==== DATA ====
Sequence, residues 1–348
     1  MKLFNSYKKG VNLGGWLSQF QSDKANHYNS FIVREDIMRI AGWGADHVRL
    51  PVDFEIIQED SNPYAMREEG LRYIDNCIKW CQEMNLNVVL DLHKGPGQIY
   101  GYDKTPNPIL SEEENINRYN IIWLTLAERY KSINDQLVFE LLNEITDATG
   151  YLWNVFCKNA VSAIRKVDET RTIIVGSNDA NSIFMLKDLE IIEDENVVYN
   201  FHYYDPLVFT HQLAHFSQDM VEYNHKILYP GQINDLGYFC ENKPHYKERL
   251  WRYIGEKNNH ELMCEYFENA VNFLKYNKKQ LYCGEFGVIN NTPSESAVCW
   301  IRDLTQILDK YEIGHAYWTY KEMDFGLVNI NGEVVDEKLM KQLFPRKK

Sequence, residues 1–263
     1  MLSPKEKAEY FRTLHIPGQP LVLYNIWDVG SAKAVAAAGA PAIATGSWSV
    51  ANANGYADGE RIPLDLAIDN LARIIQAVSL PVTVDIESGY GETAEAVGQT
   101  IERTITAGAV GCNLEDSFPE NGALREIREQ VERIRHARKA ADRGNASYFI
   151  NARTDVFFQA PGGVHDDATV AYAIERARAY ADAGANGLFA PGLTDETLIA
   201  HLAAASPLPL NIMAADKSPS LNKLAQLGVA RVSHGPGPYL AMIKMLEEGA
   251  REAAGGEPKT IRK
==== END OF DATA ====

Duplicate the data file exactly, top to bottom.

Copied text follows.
Sequence, residues 1–348
     1  MKLFNSYKKG VNLGGWLSQF QSDKANHYNS FIVREDIMRI AGWGADHVRL
    51  PVDFEIIQED SNPYAMREEG LRYIDNCIKW CQEMNLNVVL DLHKGPGQIY
   101  GYDKTPNPIL SEEENINRYN IIWLTLAERY KSINDQLVFE LLNEITDATG
   151  YLWNVFCKNA VSAIRKVDET RTIIVGSNDA NSIFMLKDLE IIEDENVVYN
   201  FHYYDPLVFT HQLAHFSQDM VEYNHKILYP GQINDLGYFC ENKPHYKERL
   251  WRYIGEKNNH ELMCEYFENA VNFLKYNKKQ LYCGEFGVIN NTPSESAVCW
   301  IRDLTQILDK YEIGHAYWTY KEMDFGLVNI NGEVVDEKLM KQLFPRKK

Sequence, residues 1–263
     1  MLSPKEKAEY FRTLHIPGQP LVLYNIWDVG SAKAVAAAGA PAIATGSWSV
    51  ANANGYADGE RIPLDLAIDN LARIIQAVSL PVTVDIESGY GETAEAVGQT
   101  IERTITAGAV GCNLEDSFPE NGALREIREQ VERIRHARKA ADRGNASYFI
   151  NARTDVFFQA PGGVHDDATV AYAIERARAY ADAGANGLFA PGLTDETLIA
   201  HLAAASPLPL NIMAADKSPS LNKLAQLGVA RVSHGPGPYL AMIKMLEEGA
   251  REAAGGEPKT IRK